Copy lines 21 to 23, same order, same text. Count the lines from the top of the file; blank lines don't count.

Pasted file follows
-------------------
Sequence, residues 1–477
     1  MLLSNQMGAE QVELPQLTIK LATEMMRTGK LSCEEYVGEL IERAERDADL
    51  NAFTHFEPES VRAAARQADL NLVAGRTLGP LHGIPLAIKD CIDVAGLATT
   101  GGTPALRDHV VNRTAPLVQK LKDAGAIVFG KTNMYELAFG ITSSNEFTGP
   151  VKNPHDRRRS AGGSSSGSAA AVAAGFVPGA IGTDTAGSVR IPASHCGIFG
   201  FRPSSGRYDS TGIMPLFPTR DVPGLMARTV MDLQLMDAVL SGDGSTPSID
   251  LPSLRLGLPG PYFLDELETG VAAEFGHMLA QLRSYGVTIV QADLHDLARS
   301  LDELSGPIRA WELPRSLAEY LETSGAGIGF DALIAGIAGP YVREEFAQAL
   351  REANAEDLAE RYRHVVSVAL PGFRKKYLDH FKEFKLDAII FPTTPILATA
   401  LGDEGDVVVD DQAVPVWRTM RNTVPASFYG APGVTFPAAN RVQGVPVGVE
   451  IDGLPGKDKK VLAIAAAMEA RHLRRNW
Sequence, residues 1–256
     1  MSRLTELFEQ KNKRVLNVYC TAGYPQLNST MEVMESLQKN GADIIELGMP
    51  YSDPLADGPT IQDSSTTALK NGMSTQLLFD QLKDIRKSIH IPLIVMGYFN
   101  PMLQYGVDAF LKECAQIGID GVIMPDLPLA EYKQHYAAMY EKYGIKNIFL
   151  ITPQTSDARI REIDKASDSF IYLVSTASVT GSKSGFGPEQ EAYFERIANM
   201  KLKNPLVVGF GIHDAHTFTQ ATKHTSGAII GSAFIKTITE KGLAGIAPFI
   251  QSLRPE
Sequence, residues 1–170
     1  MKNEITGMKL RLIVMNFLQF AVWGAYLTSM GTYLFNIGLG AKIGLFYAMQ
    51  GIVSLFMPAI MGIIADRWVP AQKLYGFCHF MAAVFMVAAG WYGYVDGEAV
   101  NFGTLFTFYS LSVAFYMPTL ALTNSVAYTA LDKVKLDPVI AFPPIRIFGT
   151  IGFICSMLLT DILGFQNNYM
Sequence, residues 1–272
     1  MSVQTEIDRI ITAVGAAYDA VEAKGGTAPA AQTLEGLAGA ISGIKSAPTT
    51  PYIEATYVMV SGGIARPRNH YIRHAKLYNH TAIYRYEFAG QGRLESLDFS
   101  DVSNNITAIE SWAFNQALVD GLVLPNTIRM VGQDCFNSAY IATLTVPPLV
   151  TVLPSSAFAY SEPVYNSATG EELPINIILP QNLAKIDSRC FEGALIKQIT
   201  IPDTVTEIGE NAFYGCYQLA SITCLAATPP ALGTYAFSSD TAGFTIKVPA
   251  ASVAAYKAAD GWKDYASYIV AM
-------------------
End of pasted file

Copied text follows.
    51  GIVSLFMPAI MGIIADRWVP AQKLYGFCHF MAAVFMVAAG WYGYVDGEAV
   101  NFGTLFTFYS LSVAFYMPTL ALTNSVAYTA LDKVKLDPVI AFPPIRIFGT
   151  IGFICSMLLT DILGFQNNYM